CEREMONY AT SAINT-BENOIT
I am at one of the oldest educational institutions in the city, Saint-Benoit. Two of my beloved students are graduating today. SB ranks one of the distinguished foreign schools, whose medium of instruction is French. As might be expected, I have always associated the school with some French saints and considered it an extension of some French monasteries. When I read into it thoroughly, to my surprise, St Benoit turned out to be an Italian monk, not French.
ST BENOIT & THE BENEDICTINE ORDER
Who was St Benoit? The founder of the Benedictine order, who wrote the Rulebook setting the standards for the monastic life in the West in the 6th century. I’ll be honest with you; celebrities of the order baffled me more than their teachings.
One of the celebrities is Peter Abelard of the tragic love story of Abelard and Heloise in the 12th century. The story gives the chills… He happened to become a Benedictine monk after he was castrated by Heloise’s family. Their correspondence in the courtly love tradition of Troubadours is regarded as a significant work of Medieval literature, or precisely a canonical work of world literature. It would not be too much of an exaggeration to say that it was this couple who shaped the way we conceive “love” as we know of today and in a way justified the passionate love, or courtly love for the first time in the west and since then some of us have been chasing god knows what?!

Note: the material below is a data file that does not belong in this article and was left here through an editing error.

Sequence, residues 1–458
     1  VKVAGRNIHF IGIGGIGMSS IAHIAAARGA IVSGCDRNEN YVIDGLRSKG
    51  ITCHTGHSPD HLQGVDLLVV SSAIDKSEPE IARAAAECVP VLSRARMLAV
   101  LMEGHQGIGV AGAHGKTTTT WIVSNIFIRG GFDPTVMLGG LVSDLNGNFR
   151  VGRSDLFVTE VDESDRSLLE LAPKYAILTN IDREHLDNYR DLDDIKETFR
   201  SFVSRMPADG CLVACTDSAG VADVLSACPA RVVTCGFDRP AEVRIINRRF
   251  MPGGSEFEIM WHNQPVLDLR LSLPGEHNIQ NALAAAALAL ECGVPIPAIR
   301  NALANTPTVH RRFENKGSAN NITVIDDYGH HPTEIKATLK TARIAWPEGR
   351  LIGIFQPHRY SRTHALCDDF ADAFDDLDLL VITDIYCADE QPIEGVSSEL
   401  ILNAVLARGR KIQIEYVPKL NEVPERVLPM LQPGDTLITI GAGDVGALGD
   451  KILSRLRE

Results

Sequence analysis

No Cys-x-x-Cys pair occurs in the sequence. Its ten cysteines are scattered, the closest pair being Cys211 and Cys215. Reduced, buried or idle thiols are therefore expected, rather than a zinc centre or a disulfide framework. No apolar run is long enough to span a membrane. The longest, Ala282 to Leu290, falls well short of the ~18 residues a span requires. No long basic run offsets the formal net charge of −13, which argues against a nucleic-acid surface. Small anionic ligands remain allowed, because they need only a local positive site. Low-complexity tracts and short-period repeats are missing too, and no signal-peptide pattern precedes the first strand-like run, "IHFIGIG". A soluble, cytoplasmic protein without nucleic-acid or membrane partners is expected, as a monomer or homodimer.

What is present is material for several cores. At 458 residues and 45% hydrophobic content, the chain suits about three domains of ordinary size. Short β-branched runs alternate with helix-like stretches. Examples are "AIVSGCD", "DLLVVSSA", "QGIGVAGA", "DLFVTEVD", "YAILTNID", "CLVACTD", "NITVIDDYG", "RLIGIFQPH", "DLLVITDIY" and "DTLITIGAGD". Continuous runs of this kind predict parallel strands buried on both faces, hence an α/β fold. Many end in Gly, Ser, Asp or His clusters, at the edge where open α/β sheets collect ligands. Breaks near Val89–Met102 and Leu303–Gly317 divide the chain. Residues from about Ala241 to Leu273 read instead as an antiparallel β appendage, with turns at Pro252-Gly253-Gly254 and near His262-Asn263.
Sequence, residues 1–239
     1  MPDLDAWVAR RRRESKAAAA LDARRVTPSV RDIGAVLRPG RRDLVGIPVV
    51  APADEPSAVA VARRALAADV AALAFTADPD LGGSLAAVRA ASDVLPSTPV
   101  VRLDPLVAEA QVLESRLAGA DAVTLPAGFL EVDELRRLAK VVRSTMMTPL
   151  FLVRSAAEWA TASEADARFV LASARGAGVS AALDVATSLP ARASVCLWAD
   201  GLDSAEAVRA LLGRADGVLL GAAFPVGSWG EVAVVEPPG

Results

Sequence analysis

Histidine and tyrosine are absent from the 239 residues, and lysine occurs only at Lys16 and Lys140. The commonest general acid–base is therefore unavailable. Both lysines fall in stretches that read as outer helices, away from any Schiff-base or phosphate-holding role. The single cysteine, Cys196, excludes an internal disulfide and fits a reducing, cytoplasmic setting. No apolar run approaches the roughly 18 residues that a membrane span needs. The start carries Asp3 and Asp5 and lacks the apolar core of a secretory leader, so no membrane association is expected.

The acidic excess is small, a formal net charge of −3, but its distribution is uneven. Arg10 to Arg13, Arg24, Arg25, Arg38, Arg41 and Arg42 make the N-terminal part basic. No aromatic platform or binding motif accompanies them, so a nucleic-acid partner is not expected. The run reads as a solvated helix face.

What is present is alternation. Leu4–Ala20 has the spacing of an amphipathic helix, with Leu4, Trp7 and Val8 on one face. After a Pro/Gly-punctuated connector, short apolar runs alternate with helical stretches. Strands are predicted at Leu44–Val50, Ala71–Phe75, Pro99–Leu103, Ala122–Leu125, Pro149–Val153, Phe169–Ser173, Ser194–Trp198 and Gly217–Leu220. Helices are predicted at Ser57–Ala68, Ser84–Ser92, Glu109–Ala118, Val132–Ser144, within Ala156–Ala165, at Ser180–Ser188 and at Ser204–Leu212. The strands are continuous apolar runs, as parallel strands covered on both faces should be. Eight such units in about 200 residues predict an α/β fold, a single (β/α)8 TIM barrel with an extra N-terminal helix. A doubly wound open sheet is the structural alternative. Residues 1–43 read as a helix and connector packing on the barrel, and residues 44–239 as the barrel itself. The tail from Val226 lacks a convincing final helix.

THE HISTORY OF THE SCHOOL
As for the history of the building, the monastery in Istanbul was founded by Italian benedictine nuns in the 14th century in Galata when the district was a Genoese colony. The only thing that remained from this period is the medieval tower. Later in the 15th century, it got under the control of French benedictine monks. And since the 16th century, the school as a part of the monastery has been offering education in the same complex. Once notorious for its strict rules and discipline, it now seems to be quite lenient.
Never mind, the nuns, castrated poor guy Abelard, or the monastery, the girls at the graduation ceremony were like fairies…
What a fascinating bit of history you have come up with from a (I’m sure) little know, yet enchanting spot in Istanbul